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Discuss ways in which violence is presented in Leda and the Swan

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  • Category: Violence

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‘Leda and the Swan’ presents the stark, brutal and raw violence that emanates from within feelings of superiority, the motivations for violence as well as the ironic passion that violence could bring. Yeats opens the poem on an abrupt and somewhat shocking note, describing ‘a sudden blow’ to Leda, with the swan and ‘its great wings beating still’, the raw nature of physical violence as a result of male dominance over females.

Leda is described as ‘staggering’ in response, and clearly the emotional effects of this violence results to her being reduced into having ‘terrified vague fingers’. The shortness of the lines in the poem also contribute to the brutal nature of the act of rape; Zeus’ actions in the poem are short, abrupt, uncaring and often rushed, and Leda is often seen being treated by him with little respect or regard, instead ‘ her helpless’.

The violence is also linked to animalistic nature, with Zeus in his form of a swan being described with ‘dark webs’ and this results to Leda being completely overwhelmed by the violence towards her, ‘her nape caught in his bill’. The stark contrast between human and animal serves to increase the effect of the violence towards Leda as something brutal, raw and physically damaging; she is ‘mastered by the brute blood of the air’, and how rape is portrayed in the poem as a selfish act of violence, motivated by lust and brutality, the ‘indifferent beak’ simply ‘ her drop’ after an atrocious act.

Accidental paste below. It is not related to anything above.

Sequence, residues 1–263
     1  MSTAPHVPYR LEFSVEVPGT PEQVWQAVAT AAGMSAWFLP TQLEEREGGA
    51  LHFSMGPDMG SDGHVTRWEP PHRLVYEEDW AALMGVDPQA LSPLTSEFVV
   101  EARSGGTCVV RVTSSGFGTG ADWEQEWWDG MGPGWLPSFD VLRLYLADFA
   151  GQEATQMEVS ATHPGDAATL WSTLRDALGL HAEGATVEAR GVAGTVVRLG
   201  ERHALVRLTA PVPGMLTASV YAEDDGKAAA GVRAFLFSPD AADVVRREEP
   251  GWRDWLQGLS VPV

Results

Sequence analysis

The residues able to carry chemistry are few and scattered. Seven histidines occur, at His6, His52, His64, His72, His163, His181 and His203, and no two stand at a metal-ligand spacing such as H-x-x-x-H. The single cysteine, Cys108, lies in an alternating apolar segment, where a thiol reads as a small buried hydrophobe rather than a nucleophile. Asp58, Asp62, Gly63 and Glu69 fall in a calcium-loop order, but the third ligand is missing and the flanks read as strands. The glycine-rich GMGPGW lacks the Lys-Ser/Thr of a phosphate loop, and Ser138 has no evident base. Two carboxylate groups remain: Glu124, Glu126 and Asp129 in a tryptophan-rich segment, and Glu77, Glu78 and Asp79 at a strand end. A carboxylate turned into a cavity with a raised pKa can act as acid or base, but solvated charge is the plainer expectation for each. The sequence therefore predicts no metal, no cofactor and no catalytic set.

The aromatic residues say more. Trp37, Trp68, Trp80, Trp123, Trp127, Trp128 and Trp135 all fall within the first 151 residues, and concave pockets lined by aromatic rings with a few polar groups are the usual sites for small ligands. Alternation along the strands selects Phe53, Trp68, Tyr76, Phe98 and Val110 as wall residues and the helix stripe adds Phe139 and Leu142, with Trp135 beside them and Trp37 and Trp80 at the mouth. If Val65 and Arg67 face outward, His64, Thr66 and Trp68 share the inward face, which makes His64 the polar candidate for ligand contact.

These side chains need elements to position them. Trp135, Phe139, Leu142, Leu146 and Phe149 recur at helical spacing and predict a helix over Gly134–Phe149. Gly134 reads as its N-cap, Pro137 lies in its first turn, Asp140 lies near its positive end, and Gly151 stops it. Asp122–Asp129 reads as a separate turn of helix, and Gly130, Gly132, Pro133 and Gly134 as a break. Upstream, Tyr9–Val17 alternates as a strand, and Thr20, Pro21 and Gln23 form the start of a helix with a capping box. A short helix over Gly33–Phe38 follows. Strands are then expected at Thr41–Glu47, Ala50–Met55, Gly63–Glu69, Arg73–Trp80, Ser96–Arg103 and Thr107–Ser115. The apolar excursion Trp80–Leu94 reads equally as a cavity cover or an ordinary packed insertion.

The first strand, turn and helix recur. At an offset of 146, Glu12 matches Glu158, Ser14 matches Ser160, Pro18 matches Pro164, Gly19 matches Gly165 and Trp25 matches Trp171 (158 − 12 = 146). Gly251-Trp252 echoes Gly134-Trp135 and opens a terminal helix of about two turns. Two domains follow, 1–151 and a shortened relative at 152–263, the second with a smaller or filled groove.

Leda’s own shock is also described by Yeats, who explains how she results in having ‘loosening thighs’ which may be out of shock and possibly submission to the fact that she no longer has control of the situation she finds herself in. The poem notes that there is a ‘shudder in the loins’, and the mix of animalistic imagery contrasted with human emotions presents the act of violence as one that can bring fear and confusion; Leda’s emotions are questionable and even Yeats himself does not explicitly describe how Leda herself may be feeling in the scene.

The first stanza quickly switches between the present and past tense, linking itself with the idea of confusion brought upon by Leda by ‘the feathered glory’ ’s act of violence, and she herself does not know how she should respond, leading to her ‘nape caught in her bill’ and yet her being unable to ‘push the feathered glory from her’.

Interestingly Yeats also presents the idea that violence could possibly be as a result of passion; despite the violent acts committed by Zeus Leda is still described as having her ‘thighs caressed’, somewhat contrasting with the brutal act of rape itself. Reference to her ‘nape’ also suggests a somewhat caring and affectionate tone to the swan’s brutality, yet the act itself is brutal and selfish, linking to the idea that violence quite often brings a sense of confusion and distress.